- You can thank Prohibition for how waitstaff are paid in the U.S. Leading up to Prohibition the concept of “tipping” was something that was considered old-fashioned aristocratic nonsense. It was on the way out and waitstaff were expected to make a normal wage. However, during Prohibition when restaurants suddenly couldn’t count on alcohol sales to boost their revenue, cuts to wages were made to avoid bigger cuts in profit. Shocker. Waiter wages decreased so menu prices could somewhat stabilize, and paying customers were encouraged to tip in order to supplement the waiters’ income. And here we are a century later still following suit.
- The 18th Amendment put the ban in place, but left up the enforcement to the individual states. Some states were lackadaisical about their approach to enforcement, while others refused to enforce it altogether. Maryland famously refused to allot any budget money to the endeavor so nothing could be done. The White House wasn’t much of a role model (imagine that) during this time either. The 29th President, Warren Harding, voted *in favor* of Prohibition as a Senator (even after President Wilson tried to veto it claiming the government should be very cautious about trying to legislate private habits of the people–Congress overrode the veto). However, once in the White House in 1921 kept a fully stocked bar for his regular poker nights. He was still one of the most popular sitting presidents until his death in 1923 cut short his term. His final words were to his wife, who sat reading a newspaper to him in the hospital. He told her, “That’s good. Go on–read some more.” The official cause of death was cerebral hemorrhage, however modern medicine now better understands the symptoms of cardiac arrest.
- The Temperance Movement spawned its own political party, the Prohibition Party (which still exists today, but most people don’t realize it). While the Republicans have an elephant and the Democrats have a donkey, the Prohibitionists had a camel. Why? A camel can famously go days without drinking. I’m not even trying to make a bad “dad joke”, that is really the reason. Seriously.
- Alcohol was still allowed to be prescribed for medicinal purposes, and after 1922 was also allowed for religious sacraments. A lot of questionably credentialed rabbis, priests, doctors, and pharmacists suddenly sprouted up. Medicinally, prescriptions had to be limited to no more than a pint every 10 days. A famous exception to the limit was Winston Churchill. When he traveled to the US for diplomatic purposes he came armed with a prescription for unlimited alcohol, and a bare minimum of 8 ounces per day for his health. It should also be noted that many smugglers went through British controlled Nassau in the Bahamas. The US requested the British help crack down on the smugglers, but since the volume of alcohol through the port increased from 5,000 quarts to 10 million over a five year period and the British were collecting tariffs on all it, they politely and adamantly declined.
- The Temperance Movement knew how to spread misinformation long before social media came along. They told people that if you drank too much, your brain could catch on fire. They said your liver, which on average weighs about 3 lbs, would swell up to 25 lbs (alcohol does cause liver damage over time, but that 25 lbs was just bunk). Second hand inhalation of alcohol fumes (as in, being next to someone who is drinking) by pregnant women could cause birth defects in their children. Consumption of alcohol could turn blood to water. These claims were backed by the Department of Scientific Temperance Instruction. No bias there, of course. Honestly, reading some of their claims was a lot like reading the comment section of a Facebook post regarding anything involving modern medicinal practices.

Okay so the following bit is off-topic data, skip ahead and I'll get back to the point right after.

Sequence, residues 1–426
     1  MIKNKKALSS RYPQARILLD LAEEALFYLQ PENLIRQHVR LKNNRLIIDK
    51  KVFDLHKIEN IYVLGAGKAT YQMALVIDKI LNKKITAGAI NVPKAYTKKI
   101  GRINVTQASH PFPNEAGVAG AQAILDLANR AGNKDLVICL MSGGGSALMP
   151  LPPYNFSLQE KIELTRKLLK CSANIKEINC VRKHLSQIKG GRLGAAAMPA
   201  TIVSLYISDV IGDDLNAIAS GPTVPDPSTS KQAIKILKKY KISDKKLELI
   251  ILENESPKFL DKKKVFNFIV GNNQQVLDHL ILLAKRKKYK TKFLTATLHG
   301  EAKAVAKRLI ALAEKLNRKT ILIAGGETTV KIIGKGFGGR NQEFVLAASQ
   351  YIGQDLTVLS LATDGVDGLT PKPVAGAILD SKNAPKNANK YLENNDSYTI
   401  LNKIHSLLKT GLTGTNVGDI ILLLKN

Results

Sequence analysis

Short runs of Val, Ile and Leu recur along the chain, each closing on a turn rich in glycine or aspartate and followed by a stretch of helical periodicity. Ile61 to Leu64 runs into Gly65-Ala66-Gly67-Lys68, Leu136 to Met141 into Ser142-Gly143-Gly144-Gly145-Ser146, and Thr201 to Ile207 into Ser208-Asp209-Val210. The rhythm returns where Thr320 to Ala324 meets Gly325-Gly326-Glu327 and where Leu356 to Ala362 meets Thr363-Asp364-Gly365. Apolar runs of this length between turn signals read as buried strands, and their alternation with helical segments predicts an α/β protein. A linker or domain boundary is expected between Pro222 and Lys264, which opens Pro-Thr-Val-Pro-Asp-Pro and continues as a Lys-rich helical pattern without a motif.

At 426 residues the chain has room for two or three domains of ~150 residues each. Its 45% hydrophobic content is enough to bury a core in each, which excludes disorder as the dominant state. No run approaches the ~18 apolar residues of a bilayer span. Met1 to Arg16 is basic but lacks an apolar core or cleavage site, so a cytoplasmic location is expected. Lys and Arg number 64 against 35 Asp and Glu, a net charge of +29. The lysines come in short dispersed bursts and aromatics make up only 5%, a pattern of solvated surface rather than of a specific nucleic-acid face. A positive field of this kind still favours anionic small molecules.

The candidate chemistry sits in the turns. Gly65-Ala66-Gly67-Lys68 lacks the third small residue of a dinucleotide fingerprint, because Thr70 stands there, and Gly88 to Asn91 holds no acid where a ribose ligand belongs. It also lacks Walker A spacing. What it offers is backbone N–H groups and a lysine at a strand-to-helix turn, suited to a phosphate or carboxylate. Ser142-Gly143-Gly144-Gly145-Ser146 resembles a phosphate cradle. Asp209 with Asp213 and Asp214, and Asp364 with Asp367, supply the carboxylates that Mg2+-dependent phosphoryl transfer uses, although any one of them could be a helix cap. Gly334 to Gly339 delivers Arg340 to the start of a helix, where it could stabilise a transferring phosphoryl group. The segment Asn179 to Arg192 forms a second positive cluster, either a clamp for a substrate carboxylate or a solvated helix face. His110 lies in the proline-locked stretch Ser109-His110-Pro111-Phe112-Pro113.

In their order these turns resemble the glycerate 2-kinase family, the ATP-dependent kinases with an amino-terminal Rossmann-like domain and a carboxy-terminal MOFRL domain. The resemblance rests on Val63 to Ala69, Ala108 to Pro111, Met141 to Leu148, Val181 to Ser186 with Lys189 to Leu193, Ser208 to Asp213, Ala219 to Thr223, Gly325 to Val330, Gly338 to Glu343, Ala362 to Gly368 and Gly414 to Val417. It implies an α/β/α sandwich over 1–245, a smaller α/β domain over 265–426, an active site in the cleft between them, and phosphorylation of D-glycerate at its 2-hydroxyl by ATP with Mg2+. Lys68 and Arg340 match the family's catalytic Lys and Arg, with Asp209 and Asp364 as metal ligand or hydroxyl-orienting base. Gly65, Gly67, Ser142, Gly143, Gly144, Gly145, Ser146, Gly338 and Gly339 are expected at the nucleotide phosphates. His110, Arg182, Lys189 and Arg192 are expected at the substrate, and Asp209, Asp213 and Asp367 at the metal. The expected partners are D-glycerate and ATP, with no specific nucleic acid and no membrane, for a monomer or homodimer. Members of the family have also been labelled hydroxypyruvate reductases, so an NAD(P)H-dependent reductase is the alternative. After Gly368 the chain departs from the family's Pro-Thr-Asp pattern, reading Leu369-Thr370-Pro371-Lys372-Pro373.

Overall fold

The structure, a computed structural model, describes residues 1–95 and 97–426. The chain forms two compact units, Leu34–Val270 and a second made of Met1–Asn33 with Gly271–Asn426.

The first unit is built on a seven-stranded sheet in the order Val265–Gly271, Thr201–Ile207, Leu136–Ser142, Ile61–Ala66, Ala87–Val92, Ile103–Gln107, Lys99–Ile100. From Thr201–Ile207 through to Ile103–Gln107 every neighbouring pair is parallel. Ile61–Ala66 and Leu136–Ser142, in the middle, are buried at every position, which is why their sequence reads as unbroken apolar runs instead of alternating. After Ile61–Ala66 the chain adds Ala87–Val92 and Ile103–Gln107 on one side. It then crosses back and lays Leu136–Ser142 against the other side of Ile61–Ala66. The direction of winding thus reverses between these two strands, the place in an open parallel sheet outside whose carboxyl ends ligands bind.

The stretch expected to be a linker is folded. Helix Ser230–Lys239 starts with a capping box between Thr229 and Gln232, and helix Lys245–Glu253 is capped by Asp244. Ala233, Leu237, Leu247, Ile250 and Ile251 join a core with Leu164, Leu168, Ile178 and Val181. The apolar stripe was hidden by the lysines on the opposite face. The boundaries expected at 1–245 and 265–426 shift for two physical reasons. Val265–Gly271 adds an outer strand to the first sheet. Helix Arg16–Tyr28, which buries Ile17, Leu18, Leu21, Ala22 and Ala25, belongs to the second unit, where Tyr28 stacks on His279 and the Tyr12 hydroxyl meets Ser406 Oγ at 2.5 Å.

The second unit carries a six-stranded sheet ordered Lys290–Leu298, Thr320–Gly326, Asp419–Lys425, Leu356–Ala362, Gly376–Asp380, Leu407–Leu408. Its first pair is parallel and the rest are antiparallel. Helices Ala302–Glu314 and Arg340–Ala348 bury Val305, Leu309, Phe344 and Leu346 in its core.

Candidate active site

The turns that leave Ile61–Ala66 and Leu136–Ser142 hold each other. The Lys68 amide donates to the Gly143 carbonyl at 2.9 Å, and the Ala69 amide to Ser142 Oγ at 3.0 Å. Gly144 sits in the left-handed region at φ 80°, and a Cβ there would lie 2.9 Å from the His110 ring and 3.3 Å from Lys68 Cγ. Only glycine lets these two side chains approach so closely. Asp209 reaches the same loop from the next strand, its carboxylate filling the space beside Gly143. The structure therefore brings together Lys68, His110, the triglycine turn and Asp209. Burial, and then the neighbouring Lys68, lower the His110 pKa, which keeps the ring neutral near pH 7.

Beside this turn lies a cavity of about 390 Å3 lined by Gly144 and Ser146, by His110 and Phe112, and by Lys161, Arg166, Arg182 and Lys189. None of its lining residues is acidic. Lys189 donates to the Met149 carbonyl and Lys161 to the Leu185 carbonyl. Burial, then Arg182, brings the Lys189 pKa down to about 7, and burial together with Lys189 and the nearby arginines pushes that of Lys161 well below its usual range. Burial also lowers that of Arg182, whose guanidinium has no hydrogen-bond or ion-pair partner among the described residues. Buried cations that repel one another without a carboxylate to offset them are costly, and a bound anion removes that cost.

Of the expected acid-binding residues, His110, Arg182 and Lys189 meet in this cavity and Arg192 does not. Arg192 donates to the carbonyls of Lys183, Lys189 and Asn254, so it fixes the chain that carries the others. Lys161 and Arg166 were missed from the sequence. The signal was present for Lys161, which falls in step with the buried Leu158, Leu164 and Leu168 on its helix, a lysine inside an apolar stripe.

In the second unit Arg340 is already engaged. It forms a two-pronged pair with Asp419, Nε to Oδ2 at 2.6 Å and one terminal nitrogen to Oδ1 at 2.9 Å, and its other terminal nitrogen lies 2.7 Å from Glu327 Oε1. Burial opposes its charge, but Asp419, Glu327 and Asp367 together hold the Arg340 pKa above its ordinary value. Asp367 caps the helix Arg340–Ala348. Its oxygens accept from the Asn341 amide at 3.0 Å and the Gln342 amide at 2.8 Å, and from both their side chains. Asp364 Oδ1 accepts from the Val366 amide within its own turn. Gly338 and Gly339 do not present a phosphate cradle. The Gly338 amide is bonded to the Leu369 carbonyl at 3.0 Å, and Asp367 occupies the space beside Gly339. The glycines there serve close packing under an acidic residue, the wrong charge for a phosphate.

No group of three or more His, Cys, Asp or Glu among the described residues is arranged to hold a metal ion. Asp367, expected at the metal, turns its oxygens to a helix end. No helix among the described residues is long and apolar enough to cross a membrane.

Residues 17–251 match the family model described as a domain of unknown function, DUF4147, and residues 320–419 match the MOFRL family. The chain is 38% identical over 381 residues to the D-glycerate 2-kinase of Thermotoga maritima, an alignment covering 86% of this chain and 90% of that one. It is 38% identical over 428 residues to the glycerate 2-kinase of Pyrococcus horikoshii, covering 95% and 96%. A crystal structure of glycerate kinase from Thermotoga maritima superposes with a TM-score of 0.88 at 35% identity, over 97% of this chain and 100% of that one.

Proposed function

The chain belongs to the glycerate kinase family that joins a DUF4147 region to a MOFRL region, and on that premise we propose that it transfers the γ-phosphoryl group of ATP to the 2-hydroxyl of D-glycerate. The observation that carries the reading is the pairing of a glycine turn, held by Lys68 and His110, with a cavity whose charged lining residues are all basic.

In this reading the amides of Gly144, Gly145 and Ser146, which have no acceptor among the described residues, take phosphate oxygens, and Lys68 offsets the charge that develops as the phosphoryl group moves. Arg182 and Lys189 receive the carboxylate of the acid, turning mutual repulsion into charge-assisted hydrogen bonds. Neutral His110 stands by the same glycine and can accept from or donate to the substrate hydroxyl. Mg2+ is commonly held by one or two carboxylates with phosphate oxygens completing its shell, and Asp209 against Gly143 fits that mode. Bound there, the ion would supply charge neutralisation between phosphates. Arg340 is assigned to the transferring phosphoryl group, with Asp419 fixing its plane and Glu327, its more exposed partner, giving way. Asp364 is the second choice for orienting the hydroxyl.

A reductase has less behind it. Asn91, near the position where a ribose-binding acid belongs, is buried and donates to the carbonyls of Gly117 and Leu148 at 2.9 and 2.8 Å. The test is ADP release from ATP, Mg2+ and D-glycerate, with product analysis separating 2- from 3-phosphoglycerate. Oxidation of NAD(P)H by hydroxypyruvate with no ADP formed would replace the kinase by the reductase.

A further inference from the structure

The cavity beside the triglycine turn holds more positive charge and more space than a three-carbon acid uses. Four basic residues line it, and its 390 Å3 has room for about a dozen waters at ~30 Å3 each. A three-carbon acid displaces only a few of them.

- Most people didn’t expect Prohibition to last long, and it didn’t. Economists originally supported it because after the income tax was established (1913) the sales tax from liquor wasn’t as necessary to maintain a balanced budget. However, over time the loss of tax revenue had them changing their tune. When the Great Depression hit, income of any kind was better than the moral high ground. Desperate times and all that. Breweries simply changed their business tactics and waited it out. Many sold “malt extract for baking” that was actually used to make beer at home. One Ohio town purchased enough “malt extract” to bake 16 loaves of bread for every human being in their town if that gives you any indication of how people responded. Anheuser-Busch, Yuengling, and Coors began selling ceramics and pottery (y’know, like the kind of jugs that tended to hold alcohol). Coors and several others also began selling ice cream and made it a lucrative business. Wineries sold wine bricks that came labeled with explicit instructions about what *not* to do if you didn’t want to make wine. Most speakeasies were pharmacies that just served a lot of “patients” their whiskey prescriptions. In fact, if you’ve shopped at a Walgreens Pharmacy lately, you can thank Prohibition. They went from roughly 20 stores to 500 nationwide during the 13 year period thanks to whiskey sales. When the 18th Amendment was finally appealed, sitting President Franklin Roosevelt celebrated with a dirty martini and the city of New Orleans did so with 20 minutes of cannon fire.
Bonus 1: NASCAR started as a result of Prohibition because smugglers did whatever they could to make their cars fast enough to outrun the cops when they made beer runs. The racing of the modified cars followed closely behind.
Bonus 2: The government tried to prevent people from simply making their own alcohol in the privacy of their own home by adding toxic chemicals to the alcohols used for cleaning or other purposes. As a result, there was a chance of blindness or even death when consuming the homemade stuff. Estimates vary, but a common number I saw was 10,000 deaths due to tainted alcohol.
Bonus 3: A sharp rise in the use of slang in the American vernacular occurred during Prohibition. White lightning, moon shine, rotgut, bathtub gin, booze hounds, speakeasy, hooch, juice joint, etc were all popularized during the period.
Some of this was more serious, but a lot of this was ridiculous. I don’t think I’ve ever laughed this hard during the research for a topic. Maybe the time I wrote about snack food and found out why Graham Crackers and Corn Flakes were invented. I still giggle about that. But usually, I don’t laugh this much. It got a little more outlandish with every source.
Aside from the laughter and the cringing, hopefully this will spark some ideas about how the general populace in your world responds to overreaching laws or nonsensical “scientific” advice.